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  • Andrew Ray, Visiting Fellow ANU College of Law

Do you need to know how to code? Being ready for that "tech - law" question in a job interview

One question law students applying for jobs will be familiar with is something along the lines of 'how do you see technology impacting the legal profession over the next (five or ten) years?’ As both the private and public sectors adapt in response to changing technology, it is (after all) only logical that they’re looking for graduates with the necessary interest and skills to be part of these changes. But what exactly does "tech-ready" mean for law students? And how do you answer such a question in a way that is both honest and informed?


On the face of it, the answer is not simple. Legal education traditionally focuses on developing students' skills in research, analysis and problem solving. Despite the impact that technology is having on all areas of law and legal practice, little attention is given to these developments within a law degree. Law is often paired with another humanities-based degree such as arts, social sciences or international relations (to name three) – disciplines that do not immediately align with a strong interest in legal tech.


In developing your preparedness and your response to questions on law and tech, it's useful to consider:

  • why you are being asked this type of question and

  • how you can best demonstrate the necessary skills (and interest) that a prospective employer might be looking for.



What employers are looking for

Broadly speaking, both the private and public sectors are aiming to attract graduates who understand

  • how technology is impacting the development of law and

  • its operation in practice.

This means that, in an interview, you need to be able to (in general terms) show you understand and are interested in the impact of technology on law, and have some skills in applying technological solutions in practice.


In demonstrating an interest in technology, it is crucial to note that employers are not looking for you to memorise and regurgitate a definition of AI or machine-learning. Instead, it is best if you can show a natural interest in how technology is impacting an area of law they practice or that you are interested in. An honest answer about something you know and are interested in will not only appear more genuine, but will also be easier for you to remember.


Developing such an understanding or interest is not hard. Technology is (in my view) having an impact in almost all areas of law, from reshaping administrative decision-making, changing how police investigate suspects, altering family law disputes to incorporate online dispute resolution, through to changing the way that consumers view products. This explains (in part) why employers are looking for graduates who can navigate the changing legal landscape. From looking at how definitions of property can accommodate digital assets (such as cryptocurrency) through to how data are used by BigTech companies such as Facebook, there are many opportunities for you to show you have an interest in the impact of technology on law.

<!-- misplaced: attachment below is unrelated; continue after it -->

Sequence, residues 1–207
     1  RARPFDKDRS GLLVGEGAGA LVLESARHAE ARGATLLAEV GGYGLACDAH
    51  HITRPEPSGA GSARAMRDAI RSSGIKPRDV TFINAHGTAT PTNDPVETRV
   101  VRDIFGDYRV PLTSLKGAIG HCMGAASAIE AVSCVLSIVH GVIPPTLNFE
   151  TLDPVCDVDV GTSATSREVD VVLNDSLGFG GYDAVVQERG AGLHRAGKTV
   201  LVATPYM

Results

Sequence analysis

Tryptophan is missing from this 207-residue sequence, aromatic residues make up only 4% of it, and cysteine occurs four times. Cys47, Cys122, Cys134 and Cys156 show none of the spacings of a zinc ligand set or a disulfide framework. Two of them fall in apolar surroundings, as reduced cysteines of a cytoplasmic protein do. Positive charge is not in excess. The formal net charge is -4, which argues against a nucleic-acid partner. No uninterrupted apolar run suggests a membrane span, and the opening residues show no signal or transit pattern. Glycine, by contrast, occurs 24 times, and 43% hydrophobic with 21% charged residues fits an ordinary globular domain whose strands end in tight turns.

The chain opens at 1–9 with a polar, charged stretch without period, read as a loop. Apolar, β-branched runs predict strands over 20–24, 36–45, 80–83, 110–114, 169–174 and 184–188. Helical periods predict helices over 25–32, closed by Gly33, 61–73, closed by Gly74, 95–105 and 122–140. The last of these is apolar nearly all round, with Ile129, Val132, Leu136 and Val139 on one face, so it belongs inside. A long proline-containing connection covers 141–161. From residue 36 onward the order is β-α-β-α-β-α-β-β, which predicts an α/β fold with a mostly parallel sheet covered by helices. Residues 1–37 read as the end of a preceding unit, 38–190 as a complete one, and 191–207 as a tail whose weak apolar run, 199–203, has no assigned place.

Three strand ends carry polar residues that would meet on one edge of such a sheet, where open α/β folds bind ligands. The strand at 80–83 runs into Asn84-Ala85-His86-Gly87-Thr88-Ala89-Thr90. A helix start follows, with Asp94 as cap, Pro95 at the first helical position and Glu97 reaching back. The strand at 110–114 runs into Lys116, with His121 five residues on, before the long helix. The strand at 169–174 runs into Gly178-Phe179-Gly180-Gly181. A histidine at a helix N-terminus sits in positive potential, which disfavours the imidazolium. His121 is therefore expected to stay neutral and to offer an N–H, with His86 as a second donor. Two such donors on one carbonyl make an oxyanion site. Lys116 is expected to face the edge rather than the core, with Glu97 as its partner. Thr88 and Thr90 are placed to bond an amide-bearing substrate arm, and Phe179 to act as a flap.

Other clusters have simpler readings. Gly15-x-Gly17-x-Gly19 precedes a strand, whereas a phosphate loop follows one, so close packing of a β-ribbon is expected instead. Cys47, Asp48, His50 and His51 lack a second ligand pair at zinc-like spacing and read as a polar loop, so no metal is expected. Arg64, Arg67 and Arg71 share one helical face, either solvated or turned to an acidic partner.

In terms of demonstrating skills, it is important to understand that employers do not (generally) need their lawyers to know how to code. Just as a patient would not expect a lawyer to perform surgery, it is safer, faster and probably cheaper for law firms to hire a dedicated coder to design their tech rather than rely on their legal staff.


What employers do want, however, is for graduates to understand (at least at a general level) how to use technology and how to explain it to both clients and more senior staff. This might range from having a basic understanding of how a coder approaches a problem, what a minimum-viable product is, to more simple tasks such as how to use Microsoft Teams to dial into a remote hearing. These sorts of skills are becoming increasingly valuable in modern workplaces especially as they transition to a permanent work-from-home model.



Developing skills and experience

Being able to point to skills and experience that can showcase both an interest and proficiency in technology can help you navigate what may otherwise be tricky and pointed questions in interviews. When choosing elective subjects you might consider taking courses that include a discussion of technology or ask whether you can do your research essay on how technology is impacting a particular legal problem. Universities are increasingly designing their elective offerings to account for the need for "tech-ready” lawyers as part of their own recruiting efforts.


Beyond the classroom, extracurricular activities such as competing in a legal hackathon, participating in a tech-law moot (bonus points for a moot conducted remotely), or writing a short article or submission on a technology law topic can really help you stand out from the crowd. These activities can also help you meet like-minded people (if you are interested in tech generally), expand your circle of friends and give you experience working with an interdisciplinary team to solve problems.


In summary, whether are a law student who is keenly interested in tech or not, chances are you can develop enough knowledge and skills to answer a question well on law and tech in an interview.

[1] This piece reflects the author’s personal views only.

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